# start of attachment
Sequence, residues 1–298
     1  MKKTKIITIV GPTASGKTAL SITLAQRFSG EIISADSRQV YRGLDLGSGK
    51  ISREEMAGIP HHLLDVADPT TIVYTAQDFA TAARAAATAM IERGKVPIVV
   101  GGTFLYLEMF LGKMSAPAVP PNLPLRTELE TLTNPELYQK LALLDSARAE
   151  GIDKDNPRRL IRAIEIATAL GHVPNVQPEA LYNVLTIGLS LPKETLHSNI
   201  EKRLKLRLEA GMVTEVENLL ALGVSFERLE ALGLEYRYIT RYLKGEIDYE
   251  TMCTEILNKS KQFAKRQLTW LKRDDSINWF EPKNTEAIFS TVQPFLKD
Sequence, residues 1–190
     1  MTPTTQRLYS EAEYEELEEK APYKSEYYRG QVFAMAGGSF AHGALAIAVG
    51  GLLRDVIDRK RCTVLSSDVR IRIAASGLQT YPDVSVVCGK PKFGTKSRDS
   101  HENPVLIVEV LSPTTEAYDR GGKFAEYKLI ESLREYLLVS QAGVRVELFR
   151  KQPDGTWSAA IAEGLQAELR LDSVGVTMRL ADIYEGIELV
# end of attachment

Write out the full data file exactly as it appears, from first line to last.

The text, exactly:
Sequence, residues 1–298
     1  MKKTKIITIV GPTASGKTAL SITLAQRFSG EIISADSRQV YRGLDLGSGK
    51  ISREEMAGIP HHLLDVADPT TIVYTAQDFA TAARAAATAM IERGKVPIVV
   101  GGTFLYLEMF LGKMSAPAVP PNLPLRTELE TLTNPELYQK LALLDSARAE
   151  GIDKDNPRRL IRAIEIATAL GHVPNVQPEA LYNVLTIGLS LPKETLHSNI
   201  EKRLKLRLEA GMVTEVENLL ALGVSFERLE ALGLEYRYIT RYLKGEIDYE
   251  TMCTEILNKS KQFAKRQLTW LKRDDSINWF EPKNTEAIFS TVQPFLKD
Sequence, residues 1–190
     1  MTPTTQRLYS EAEYEELEEK APYKSEYYRG QVFAMAGGSF AHGALAIAVG
    51  GLLRDVIDRK RCTVLSSDVR IRIAASGLQT YPDVSVVCGK PKFGTKSRDS
   101  HENPVLIVEV LSPTTEAYDR GGKFAEYKLI ESLREYLLVS QAGVRVELFR
   151  KQPDGTWSAA IAEGLQAELR LDSVGVTMRL ADIYEGIELV